The Claw of the Conciliator
Eno lets you in on a little truth. 8-bit, overcompressed, glitch art, what have you. Exploiting the limits of technology and making stuff to what it’s not really meant to do. That where art breaks things (and gets so popular that it goes on so many t-shirts that you get sick to death of it.)
— This article had a lot of things in it that bothered me and this article sort of helped me articulate what those things were. I don’t agree with either 100%, but there’s something in the simple-mindedness of the way Haig states his arguments that rubs me the wrong way. People should read what makes them happy, without question; people should also try to grow and learn and challenge themselves. For some reason that idea seems to take a lot of heat.
And she had a vision, a vision of evil. Or not strictly a vision. She became aware of evil, evil, evil, rolling in great waves over the earth. Always she had thought there was no such thing—only a mere negation of good. Now, like an ocean to whose surface she had risen, she saw the dark-grey waves of evil rearing in a great tide.
And it had swept mankind away without mankind’s knowing. It had caught up the nations as the rising ocean might lift the fishes, and was sweeping them on in a great tide of evil. They did not know. The people did not know. They did not even wish it. They wanted to be good and to have everything joyful and enjoyable. Everything joyful and enjoyable: for everybody. This was what they wanted, if you asked them.
But at the same time, they had fallen under the spell of evil. It was a soft, subtle thing, soft as water, and its motion was soft and imperceptible, as the running of a tide is invisible to one who is out on the ocean. And they were all out on the ocean, being borne along in the current of the mysterious evil, creatures of the evil principle, as fishes are creatures of the sea.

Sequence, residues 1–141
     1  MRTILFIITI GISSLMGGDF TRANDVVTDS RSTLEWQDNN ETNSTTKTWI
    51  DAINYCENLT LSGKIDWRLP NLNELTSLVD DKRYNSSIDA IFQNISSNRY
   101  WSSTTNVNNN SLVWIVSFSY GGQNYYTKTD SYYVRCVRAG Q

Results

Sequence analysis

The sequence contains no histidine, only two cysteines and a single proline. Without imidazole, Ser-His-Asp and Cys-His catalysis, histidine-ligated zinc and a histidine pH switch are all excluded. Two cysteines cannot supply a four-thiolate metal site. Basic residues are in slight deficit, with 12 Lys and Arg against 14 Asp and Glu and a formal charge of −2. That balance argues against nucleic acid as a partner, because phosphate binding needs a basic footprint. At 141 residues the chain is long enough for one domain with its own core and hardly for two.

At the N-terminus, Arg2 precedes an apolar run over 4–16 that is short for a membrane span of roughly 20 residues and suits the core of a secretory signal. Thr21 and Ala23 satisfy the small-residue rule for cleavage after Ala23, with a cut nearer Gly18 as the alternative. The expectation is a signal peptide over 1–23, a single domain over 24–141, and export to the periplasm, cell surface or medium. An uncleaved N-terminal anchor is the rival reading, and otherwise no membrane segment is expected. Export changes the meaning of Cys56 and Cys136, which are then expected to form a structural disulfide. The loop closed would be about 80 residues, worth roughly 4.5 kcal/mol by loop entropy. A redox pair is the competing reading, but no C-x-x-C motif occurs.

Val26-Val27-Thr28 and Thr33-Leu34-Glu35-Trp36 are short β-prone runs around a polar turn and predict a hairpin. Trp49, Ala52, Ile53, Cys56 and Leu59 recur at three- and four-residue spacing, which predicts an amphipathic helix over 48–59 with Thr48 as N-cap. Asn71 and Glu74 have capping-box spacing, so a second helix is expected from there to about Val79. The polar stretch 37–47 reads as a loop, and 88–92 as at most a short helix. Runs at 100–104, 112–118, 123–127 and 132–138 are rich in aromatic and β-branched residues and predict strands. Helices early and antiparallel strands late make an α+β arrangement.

There was no relief. The whole world was enveloped in one great flood. All the nations, the white, the brown, the black, the yellow, all were immersed, in the strange tide of evil that was subtly, irresistibly rising. No one, perhaps, deliberately wished it. Nearly every individual wanted peace and a good time all round: everybody to have a good time.
But some strange thing had happened, and the vast mysterious force of positive evil was let loose. She felt that from the core of Asia the evil welled up, as from some strange pole, and slowly was drowning earth.
It was something horrifying, something you could not escape from. It had come to her as in a vision, when she saw the pale gold belly of the stallion upturned, the hoofs working wildly, the wicked curved hams of the horse, and then the evil straining of that arched, fish-like neck, with the dilated eyes of the head. Thrown backwards, and working its hoofs in the air. Reversed, and purely evil.
She saw the same in people. They were thrown backwards, and writhing with evil. And the rider, crushed, was still reining them down.
What did it mean? Evil, evil, and a rapid return to the sordid chaos. Which was wrong, the horse or the rider? Or both?
She thought with horror of St. Mawr, and of the look on his face. But she thought with horror, a colder horror, of Rico’s face as he snarled “Fool!” His fear, his impotence as a master, as a rider, his presumption. And she thought with horror of those other people, so glib, so glibly evil.